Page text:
CERCLA does allow an owner or operator found to be liable for a release to limit its liability to the greater of $300 per gross ton or $5,000,000. However, this limitation is not available where: (1) the hazardous substance was released as “the result of willful misconduct or willful negligence”; or (2) “the primary cause of the release” was a violation of applicable “safety, construction, or operating standards or regulations”; or (3) an owner or operator or other responsible person “fails or refuses to provide all reasonable cooperation and assistance requested by a responsible public official in connection with response activities under the national contingency plan with respect to regulated carriers…”.

In the event of wilful misconduct or wilful negligence, a person liable under CERCLA may also be liable for penalty damages of up to three times the value of the costs and damages caused by the release of hazardous substances. All costs and damages for which a person is liable to the US constitute a lien on all real property AND a maritime lien in favour of the US on the vessel involved in the release.

8. What financial responsibilities do vessel owners/operators have under CERCLA?

Vessel owners and operators involved in the transportation of hazardous substances must establish and maintain evidence of financial responsibility equal to $300 per gross ton or $5,000,000, whichever is greater. In the case where an owner or operator owns, operates or charters more than one vessel subject to § 9608, financial responsibility only needs to be established to meet the maximum liability of the largest vessel or $5,000,000, whichever is greater.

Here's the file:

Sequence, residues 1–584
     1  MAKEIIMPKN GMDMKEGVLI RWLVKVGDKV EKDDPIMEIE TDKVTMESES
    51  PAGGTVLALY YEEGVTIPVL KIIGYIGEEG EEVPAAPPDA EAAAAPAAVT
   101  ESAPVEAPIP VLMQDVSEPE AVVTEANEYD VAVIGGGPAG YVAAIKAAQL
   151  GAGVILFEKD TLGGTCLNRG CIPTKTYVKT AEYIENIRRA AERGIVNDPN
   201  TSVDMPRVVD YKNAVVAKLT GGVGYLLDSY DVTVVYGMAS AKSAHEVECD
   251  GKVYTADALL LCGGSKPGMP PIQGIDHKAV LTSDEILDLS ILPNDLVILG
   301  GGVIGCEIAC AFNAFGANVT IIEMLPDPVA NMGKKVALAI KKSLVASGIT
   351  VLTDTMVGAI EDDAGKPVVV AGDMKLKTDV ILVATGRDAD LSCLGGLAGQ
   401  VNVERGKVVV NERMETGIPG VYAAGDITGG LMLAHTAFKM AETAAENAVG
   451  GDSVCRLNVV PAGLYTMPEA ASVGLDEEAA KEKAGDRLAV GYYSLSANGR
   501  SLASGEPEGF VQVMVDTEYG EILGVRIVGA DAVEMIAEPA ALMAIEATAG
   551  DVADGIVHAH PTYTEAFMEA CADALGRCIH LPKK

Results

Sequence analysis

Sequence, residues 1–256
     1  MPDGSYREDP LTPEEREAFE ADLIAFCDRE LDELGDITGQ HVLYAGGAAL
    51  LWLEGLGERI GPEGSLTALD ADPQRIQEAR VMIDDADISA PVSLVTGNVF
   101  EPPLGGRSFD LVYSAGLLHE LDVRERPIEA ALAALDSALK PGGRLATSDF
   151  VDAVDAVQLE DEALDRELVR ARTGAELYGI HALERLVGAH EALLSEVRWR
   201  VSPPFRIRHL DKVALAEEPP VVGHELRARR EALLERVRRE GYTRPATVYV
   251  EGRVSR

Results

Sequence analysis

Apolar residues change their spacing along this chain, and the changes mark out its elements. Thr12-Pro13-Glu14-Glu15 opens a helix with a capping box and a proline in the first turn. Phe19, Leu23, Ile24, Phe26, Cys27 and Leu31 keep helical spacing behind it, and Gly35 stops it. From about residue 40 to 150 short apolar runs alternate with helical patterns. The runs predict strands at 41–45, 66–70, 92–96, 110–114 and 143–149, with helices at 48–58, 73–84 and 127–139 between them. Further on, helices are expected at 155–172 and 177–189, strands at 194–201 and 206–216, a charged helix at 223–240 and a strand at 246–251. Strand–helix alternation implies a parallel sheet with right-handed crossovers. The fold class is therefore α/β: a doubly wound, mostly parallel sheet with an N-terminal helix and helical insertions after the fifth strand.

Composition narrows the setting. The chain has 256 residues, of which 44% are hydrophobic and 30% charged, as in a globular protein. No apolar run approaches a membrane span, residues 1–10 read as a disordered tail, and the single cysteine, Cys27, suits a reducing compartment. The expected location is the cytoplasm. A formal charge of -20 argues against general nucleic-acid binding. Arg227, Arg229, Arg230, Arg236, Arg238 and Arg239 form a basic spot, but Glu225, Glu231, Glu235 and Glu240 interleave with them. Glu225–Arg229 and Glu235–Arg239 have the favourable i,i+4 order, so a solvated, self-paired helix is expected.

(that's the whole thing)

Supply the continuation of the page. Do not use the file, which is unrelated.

FAQs: Understanding Texas and Louisiana Regulations for Hazardous Substances Releases

As noted above, environmental law and regulation in the US typically occurs on both a federal and state level. Following is information that may be of interest to Members moving hazardous cargoes in and out of Texas and Louisiana.


1. What laws govern the release or discharge of hazardous substances in Texas?

In Texas, the Hazardous Substances Spill Prevention and Control Act (HSSPCA) governs spills of hazardous substances other than oil, and is administered and enforced by the Texas Natural Resource Conservation Commission. The HSSPCA is distinct from the Texas Oil Spill Prevention and Response Act (OSPRA), which applies to spills of oil and other petroleum products and is enforced by the General Land Office.

2. What does the HSSPCA define as a “hazardous substance”? 

The HSSPCA defines “hazardous substance” to include any substance designated as hazardous by CERCLA, the Federal Clean Water Act or the Texas Natural Resources Conservation Commission. Accordingly, the list of hazardous substances governed by Texas law is necessarily broader than CERCLA’s. The Clean Water Act identifies several hundred hazardous substances across three lists, which are available at 40 C.F.R. § 401.15; 40 C.F.R. § 131.36; and 40 C.F.R. § 423 Appendix A.

3. How does the HSSPCA provide for the clean-up and remediation of spills, and who bears the cost?  

The HSSPCA addresses this in several ways. First, in the event of a spill of a hazardous substance, the HSSPCA requires any “owner, operator, demise charterer, or person in charge of a vessel or of any on-shore facility or off-shore facility” to “immediately undertake all reasonable actions to abate and remove the discharge or spill subject to applicable federal and state requirements”.